Their Hail Mary was a roller coaster. Two, in fact. The park opened with a recreation of Big Thunder Mountain, to which they added a year later an off-the-shelf track layout from an outside contractor, Intamin, (very) loosely themed to Indiana Jones (essentially replacing a much more elaborate — and expensive — Indy ride on the planning board). The addition of another tangible thrill ride, including Disney’s first inversion, boosted attendance slightly; but more importantly, kept the park on life support until the real big gun was pulled out…
Less than two months after the failing park’s third anniversary, Disney opened Space Mountain: De la Terre à la Lune, a Jules Verne-inspired reimagining of the Disney parks classic that included two Disney firsts — an accelerated launch themed as a giant, rocket-firing cannon, and multiple inversions. Costing nearly $90 million in 1995, Space Mountain in Paris’ Discoveryland practically saved the resort and continues to thrill guests to this day, following two rethemes, one in 2005, and another, Star Wars-themed one in 2017.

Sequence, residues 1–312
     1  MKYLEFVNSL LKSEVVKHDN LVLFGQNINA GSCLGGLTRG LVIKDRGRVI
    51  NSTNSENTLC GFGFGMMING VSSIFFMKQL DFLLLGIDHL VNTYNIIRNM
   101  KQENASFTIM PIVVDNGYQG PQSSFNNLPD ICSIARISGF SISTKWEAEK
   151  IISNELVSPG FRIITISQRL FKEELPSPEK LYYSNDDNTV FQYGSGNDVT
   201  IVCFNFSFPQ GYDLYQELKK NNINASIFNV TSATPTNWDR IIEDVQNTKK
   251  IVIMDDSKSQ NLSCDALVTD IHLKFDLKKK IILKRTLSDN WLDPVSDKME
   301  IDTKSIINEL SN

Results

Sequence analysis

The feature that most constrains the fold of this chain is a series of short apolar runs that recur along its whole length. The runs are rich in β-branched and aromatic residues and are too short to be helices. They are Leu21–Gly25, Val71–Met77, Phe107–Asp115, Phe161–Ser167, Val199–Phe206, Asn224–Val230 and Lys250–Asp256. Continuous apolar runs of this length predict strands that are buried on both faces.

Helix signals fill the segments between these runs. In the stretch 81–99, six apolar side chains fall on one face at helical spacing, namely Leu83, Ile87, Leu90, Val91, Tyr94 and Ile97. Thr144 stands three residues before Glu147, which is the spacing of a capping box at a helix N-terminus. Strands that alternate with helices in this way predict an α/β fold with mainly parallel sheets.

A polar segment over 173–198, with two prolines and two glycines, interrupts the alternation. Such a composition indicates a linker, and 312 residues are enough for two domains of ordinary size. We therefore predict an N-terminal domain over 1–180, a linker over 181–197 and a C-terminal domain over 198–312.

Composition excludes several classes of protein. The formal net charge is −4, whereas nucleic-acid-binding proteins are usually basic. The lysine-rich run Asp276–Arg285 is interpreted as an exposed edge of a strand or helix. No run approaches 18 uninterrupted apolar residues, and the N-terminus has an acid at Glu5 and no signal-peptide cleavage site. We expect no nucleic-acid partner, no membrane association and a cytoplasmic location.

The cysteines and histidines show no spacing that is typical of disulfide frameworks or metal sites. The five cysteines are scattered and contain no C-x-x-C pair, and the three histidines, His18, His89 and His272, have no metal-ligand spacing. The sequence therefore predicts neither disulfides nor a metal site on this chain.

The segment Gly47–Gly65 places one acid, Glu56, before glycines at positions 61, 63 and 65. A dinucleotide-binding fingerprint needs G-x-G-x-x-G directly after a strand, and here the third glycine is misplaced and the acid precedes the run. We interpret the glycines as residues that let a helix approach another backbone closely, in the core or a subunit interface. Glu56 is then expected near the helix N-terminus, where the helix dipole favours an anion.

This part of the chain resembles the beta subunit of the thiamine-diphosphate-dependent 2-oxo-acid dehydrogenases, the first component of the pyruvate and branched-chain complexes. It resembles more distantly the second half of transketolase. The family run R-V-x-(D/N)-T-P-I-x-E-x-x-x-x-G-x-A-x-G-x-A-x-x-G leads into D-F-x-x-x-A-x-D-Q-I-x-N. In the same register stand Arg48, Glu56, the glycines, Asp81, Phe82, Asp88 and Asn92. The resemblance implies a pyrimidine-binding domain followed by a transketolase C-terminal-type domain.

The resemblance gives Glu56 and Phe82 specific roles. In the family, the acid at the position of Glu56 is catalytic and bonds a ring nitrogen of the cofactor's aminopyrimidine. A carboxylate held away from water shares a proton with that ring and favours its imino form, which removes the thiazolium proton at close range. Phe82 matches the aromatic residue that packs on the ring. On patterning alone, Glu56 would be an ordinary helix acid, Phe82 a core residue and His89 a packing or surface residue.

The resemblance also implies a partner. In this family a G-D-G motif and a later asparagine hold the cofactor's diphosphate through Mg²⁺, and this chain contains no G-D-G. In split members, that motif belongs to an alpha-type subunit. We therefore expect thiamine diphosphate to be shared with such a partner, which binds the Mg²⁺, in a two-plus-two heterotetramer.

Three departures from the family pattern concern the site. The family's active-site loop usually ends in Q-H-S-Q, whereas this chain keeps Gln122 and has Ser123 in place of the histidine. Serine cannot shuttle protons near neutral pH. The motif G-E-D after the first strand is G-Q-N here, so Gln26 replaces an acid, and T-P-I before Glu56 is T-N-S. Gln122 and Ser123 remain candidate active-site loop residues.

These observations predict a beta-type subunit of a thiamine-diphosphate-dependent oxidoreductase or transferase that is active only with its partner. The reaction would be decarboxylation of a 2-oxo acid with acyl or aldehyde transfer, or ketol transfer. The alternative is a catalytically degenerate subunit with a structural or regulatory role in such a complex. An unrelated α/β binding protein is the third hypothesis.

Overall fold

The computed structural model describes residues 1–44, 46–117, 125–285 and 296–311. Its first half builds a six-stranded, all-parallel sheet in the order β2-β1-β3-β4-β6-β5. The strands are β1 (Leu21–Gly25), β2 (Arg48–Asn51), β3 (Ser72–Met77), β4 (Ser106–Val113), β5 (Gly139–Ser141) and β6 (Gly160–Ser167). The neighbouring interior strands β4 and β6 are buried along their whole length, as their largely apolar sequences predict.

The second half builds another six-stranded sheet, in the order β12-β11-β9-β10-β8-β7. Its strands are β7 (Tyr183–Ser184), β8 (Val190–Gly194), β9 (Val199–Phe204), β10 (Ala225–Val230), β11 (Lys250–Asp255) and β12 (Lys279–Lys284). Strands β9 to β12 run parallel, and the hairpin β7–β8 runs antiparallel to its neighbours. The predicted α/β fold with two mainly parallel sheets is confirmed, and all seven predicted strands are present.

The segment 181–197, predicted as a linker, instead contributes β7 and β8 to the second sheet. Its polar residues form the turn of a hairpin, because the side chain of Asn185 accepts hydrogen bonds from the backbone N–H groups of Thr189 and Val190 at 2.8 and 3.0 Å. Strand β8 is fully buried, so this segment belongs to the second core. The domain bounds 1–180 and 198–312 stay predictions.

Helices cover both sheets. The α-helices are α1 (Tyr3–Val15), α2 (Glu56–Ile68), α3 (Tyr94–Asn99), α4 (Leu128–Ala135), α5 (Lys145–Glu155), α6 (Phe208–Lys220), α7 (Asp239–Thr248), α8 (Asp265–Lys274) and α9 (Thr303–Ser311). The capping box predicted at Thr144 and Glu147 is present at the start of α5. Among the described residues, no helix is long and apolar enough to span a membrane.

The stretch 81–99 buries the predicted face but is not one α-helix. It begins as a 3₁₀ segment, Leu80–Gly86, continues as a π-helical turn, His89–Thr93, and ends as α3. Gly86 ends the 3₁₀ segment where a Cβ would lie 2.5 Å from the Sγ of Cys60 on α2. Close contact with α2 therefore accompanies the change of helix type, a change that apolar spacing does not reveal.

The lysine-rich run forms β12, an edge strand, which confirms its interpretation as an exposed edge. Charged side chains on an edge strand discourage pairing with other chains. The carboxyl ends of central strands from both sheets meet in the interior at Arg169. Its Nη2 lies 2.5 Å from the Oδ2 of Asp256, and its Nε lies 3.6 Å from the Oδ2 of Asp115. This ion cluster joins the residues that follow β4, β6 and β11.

Crossing back over the Atlantic, returning home to Walt Disney World, the Disney-MGM Studios was similarly struggling. While Epcot was getting almost a complete overhaul, the Studios was stagnating. Sure, The Twilight Zone Tower of Terror was enough to bring people into the park, but once there, it still wasn’t much more than a half-day park — even less if you were bored with taking the same Backlot and Animation Studio Tours you may have already seen before and watching random strangers perform on-stage in front of blue screens and foley props.